Small Vintage Carved Male Ibeji, Africa, Nigeria, Yoruba People (1963BHA)


H: 7.125″  W: 2.125″  D: 2.25″

This small but finely carved vintage hardwood Ibeji has distinctive Yoruba features. His elongated head is flat with full lips, thick eyelids and incised lashes, flat circular prominent ears, and the nose and chin are centered. The cheeks and eyes are on opposite sides of thin conical head. His stylized coiffure devides each side into sections with linear plaited designs. Scarifications appear across his face and throughout his body and his strong stance with hands attached to hips is supported by massive legs low to the ground. His member is visible, the triangular buttocks jut outward and both are signs of his fertility and power as are his thick rounded shoulders and arms.


Ibeji carvings from the Yoruba people in West Africa, especially Nigeria, are seen as idealized Tribal-Art conforming to Yoruba artistic and cultural conventions that do not closely reflect human likenesses. Symmetrical and restrained with oversized and elongated heads which is where one’s spirit, intelligence, and the seat of divine power lie, Ibeji heads like this have detailed linear coiffures and can be a third or more of the figure’s body size. Having one of the world’s highest rates of twin births but a high mortality rate, Yoruba have developed a twin cult revering deceased twin(s) as potent spirits, call them ere Ibeji and honor them with carved images to access their spirits and souls. The Ere Ibeji were identical carvings signifying the “unity in duality” that represented the twins. They reflect three significant Yoruba traditions: the importance of twins, a strong belief in the afterlife, and their idealized form of beauty and being a righteous example. Never portrayed as children, they were depicted as the ideal of Yoruba beauty in the prime of life, which is neither as a child nor an older person and each of the carvings’ features symbolized the moral virtue and inner goodness that should be cultivated by all children. They were small for ease of handling and generally made of rubber tree wood because of its fine grain, its density, the mystical power associated with it, and, when rubbed with oil, it resulted in its fine patina. Mothers of the deceased commissioned village carvers, often trained priests, to hand craft spiritual representations of the twin who died which served as vessels or resting places to contain the deceased twin’s spirit. In the past five decades demand for the hand carved commissioned Ibeji’s has diminished, and since the 1970’s preferences have switched to purchasing manufactured, imported dolls, and photographs instead of wood figures.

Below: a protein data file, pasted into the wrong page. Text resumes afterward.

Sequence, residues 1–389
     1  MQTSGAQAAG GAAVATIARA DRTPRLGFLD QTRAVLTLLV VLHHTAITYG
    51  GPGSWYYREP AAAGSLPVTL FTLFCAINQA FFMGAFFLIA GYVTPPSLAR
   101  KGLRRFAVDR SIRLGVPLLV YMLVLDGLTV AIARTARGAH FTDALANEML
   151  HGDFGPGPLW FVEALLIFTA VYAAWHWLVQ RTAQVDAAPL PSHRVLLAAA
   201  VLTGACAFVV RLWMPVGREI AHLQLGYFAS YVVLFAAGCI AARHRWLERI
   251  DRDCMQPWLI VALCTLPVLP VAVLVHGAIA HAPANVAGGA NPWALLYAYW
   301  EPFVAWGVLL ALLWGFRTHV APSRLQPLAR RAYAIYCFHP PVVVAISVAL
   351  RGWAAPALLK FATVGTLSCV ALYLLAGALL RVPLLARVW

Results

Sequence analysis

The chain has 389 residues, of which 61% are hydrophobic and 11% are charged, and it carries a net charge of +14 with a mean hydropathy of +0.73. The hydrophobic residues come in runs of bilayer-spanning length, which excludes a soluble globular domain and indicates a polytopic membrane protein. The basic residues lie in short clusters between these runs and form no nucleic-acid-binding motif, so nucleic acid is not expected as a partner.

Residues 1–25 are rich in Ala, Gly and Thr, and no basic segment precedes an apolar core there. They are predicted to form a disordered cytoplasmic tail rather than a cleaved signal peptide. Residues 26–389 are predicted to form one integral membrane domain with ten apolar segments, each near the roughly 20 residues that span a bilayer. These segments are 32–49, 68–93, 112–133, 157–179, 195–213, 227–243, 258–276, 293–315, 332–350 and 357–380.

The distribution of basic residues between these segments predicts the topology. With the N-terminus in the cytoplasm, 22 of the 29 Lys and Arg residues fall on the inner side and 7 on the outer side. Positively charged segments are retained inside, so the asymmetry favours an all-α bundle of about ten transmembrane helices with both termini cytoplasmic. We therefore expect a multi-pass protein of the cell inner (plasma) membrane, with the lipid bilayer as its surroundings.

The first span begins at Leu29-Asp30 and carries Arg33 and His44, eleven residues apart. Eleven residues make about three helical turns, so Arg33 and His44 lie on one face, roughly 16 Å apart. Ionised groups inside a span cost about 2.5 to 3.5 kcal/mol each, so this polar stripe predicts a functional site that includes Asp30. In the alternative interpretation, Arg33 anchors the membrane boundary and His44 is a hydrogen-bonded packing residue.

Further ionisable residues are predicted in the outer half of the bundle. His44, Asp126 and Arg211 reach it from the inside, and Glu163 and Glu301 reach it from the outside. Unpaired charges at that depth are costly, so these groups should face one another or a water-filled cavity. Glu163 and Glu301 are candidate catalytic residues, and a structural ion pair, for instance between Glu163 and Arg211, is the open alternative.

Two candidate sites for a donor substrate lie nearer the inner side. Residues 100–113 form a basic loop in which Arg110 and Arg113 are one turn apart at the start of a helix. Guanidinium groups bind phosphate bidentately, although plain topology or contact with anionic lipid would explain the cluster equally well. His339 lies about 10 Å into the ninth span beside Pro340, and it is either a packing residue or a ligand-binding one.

Additional information

Weight 2 lbs
Dimensions 12 × 9 × 6 in

Vintage (1920-1980)



Materials and Technique


Dimensions (inches)

Ht: 7.125” W: 2.125” D: 2.25”

Dimensions (metric)

Ht: 7.125” W: 2.125” D: 2.25”



Reference Number


Shipping Box Size


Very good, patina and wear consistent with age and use


6” to 11.9”